A-B-C, easy as 1-2-3

Smooch is obsessed with letters right now. A few months ago, he started playing very close attention to his little alphabet puzzle. Then I got out an old ABC chart from my kindergarten days to hang in the playroom, and we started singing the song and pointing to the letters. Before we knew it, he was asking us to write letters on his papers when he colors. He’s an exuberant and gleeful dictator as he points to the spot he has in mind: “Geen O! Pup-pew S! Bwoo E, I, O, I, S! Wew-oh Y!”

I’m torn, y’all. On one hand, I’m so excited that he is interested in print. He points out signs everywhere we go, especially if he sees one of the letters he truly recognizes (O, S, Y, sometimes E and I) and he listens eagerly when we tell him what the signs really say. I’m a lifelong reader, and it’s important to me to foster that same love of literacy in my boy. My husband struggled with reading as a kid (though, clearly, he’s managing quite well as an adult) and he just wants Smooch to have an easier time of learning the skills he’ll need. The part of me that’s excited about this wants to give him lots of opportunities to expand on this interest – songs, books, posters, doing his own ‘reading’ and ‘writing’ – and chances to show off a little bit for our friends and family. (What can I say. I’m a mom.)

On the other hand, I don’t want to push him. I don’t him to feel like I’m forcing him to do alphabet stuff all day long so that he eventually hates the thought. I don’t want to be some kind of loony stage mom making him perform a song and dance for all the neighbors, you know?

It’s hard for me to know, partly because he still doesn’t speak in complete sentences and he can’t tell me how he feels about it. I can’t sit down for a heart-to-heart, “Hey, Smooch? Do you want to work on your alphabet with me? Do you like doing this stuff?” and hear him answer, “Sure, Mommy, I’d love to,” or “No thanks, Mom, I’d rather play with my trains today.” All I can do is what I’ve been doing – I watch him, I try to read his mood and his interest level. My gut feeling is that we’re doing the right thing for the time being. It’s not a real intense, “schoolwork” kind of thing. It’s playful and fun, it’s broken up throughout the day, and I think he does honestly love it. I could probably stand to scale back a little on encouraging him to “show me the O” – especially in front of company.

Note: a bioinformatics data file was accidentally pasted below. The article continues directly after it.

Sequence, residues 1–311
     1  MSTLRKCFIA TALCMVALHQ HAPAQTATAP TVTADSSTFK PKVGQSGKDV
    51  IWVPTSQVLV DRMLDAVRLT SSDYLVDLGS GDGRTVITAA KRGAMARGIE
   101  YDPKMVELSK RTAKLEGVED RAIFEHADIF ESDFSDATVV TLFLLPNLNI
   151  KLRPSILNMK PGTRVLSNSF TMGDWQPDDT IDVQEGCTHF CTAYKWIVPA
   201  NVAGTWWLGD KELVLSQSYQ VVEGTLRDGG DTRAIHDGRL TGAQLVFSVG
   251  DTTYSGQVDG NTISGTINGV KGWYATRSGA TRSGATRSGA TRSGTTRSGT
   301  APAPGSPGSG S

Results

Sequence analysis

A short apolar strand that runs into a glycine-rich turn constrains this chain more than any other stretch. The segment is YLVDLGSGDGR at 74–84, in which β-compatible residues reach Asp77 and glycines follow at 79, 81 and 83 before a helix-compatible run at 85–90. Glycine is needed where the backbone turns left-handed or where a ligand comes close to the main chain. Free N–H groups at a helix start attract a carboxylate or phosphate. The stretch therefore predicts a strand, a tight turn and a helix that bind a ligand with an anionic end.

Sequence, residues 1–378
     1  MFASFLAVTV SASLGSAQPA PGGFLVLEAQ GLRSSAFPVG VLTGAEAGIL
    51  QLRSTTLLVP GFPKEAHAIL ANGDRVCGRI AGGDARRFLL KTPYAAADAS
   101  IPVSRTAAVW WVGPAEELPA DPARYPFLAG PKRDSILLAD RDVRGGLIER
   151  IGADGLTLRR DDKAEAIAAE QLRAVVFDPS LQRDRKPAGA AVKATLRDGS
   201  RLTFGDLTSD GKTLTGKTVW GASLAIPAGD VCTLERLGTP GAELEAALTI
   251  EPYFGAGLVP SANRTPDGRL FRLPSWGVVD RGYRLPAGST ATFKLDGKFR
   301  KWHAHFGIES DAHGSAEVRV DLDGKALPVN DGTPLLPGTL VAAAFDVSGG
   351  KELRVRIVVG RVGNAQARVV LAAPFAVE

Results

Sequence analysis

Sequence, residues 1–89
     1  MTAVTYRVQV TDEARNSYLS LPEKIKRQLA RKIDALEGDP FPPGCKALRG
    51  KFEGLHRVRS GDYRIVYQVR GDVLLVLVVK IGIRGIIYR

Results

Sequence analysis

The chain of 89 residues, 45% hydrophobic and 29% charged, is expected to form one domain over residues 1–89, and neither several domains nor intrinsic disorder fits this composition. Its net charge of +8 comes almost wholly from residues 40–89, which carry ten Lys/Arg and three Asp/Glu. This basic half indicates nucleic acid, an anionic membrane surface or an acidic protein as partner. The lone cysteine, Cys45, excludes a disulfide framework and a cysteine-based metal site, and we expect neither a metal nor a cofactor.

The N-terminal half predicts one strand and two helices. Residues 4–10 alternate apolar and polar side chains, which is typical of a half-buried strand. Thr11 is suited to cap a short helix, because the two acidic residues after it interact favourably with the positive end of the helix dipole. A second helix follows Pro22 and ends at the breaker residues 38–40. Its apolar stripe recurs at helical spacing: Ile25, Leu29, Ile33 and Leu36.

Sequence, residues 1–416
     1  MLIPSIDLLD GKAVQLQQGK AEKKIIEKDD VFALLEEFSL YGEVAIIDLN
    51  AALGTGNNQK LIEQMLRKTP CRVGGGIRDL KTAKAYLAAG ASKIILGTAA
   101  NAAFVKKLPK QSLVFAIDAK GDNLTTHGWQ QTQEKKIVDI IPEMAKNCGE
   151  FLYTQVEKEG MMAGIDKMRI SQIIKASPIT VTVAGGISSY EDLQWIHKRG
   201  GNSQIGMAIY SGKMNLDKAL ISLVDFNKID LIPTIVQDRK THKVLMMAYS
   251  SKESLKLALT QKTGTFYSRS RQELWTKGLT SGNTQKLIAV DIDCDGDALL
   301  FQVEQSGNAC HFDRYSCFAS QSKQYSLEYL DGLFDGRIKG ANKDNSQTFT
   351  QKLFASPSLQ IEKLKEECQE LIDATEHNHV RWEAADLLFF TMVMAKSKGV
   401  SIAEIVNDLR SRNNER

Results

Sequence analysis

This, I think, is the dance of parenting as kids get older. You take a few steps forward, urging them on toward something they seem to want or that you know they need. You take a few steps back, if they seem overwhelmed or frustrated or if it’s going to fast. You dip and sway together, feeling out the moves that will get you both across the floor. For now, we’re doing the Alphabet Hop.


6 Responses to A-B-C, easy as 1-2-3

  1. Heather says:

    You’re probably doing just what he wants. That’s so great that he’s interested. My son, at 3 1/2, still doesn’t really care which letter is the K for his name.

    I’m sure you’d know if he wasn’t into what you’re doing.

  2. That’s great he is so interested in letters! I think as long as you are following his lead and fostering his interest, then it’s all good.

    Maybe he’ll be an early reader!

  3. susiej says:

    And, yes, what a sweet dance it is…. I love your header.

  4. Coralie says:

    AS long as he’s having fun, let him have fun. Don’t “institutionalize” it, don’t make it work, don’t even structure it. Play with his letters, and they’ll forever be fun for him.

    I’m a teacher, and the biggest mistake I have seen with parents is that they think learning has to look like school, so the second their child asks what a word says on a sign, or how to spell their name, they’re enrolled in a class, or scheduled for 30 minutes a day of “school” at the kitchen table, and it sucks the fun right out of it for the kids.

    Ooops, found my way onto a soap box. Sorry

  5. fizzledink says:

    I’m with you, Coralie. I was homeschooled up through 6th grade, and the very best thing about it was that it didn’t look like “school,” at least not in the beginning. (By 4th or 5th grade, I was doing a lot more textbook/writing/studying work at the table.) I think keeping things fun and engaging and as play-like as possible is the secret to early childhood learning… when it’s fun, it never becomes boring old schoolwork. (At least, that’s how it was for me, and I hope that’s how it will go for him.)

    And hey, no worries – soap boxes are always welcome here! 😉

  6. Elaine says:

    It sounds like you are doing the right thing. My son went through this phase too, with the letters and signs. We would “brag” on him to family and my husband’s grandmother (who actually used to own a children’s bookstore) kind of urged us to back off a little because she thought kids were being pushed too much these days.

    Anyway, it sounds like you guys are just having fun and learning at the same time. Nothin’ wrong with that!

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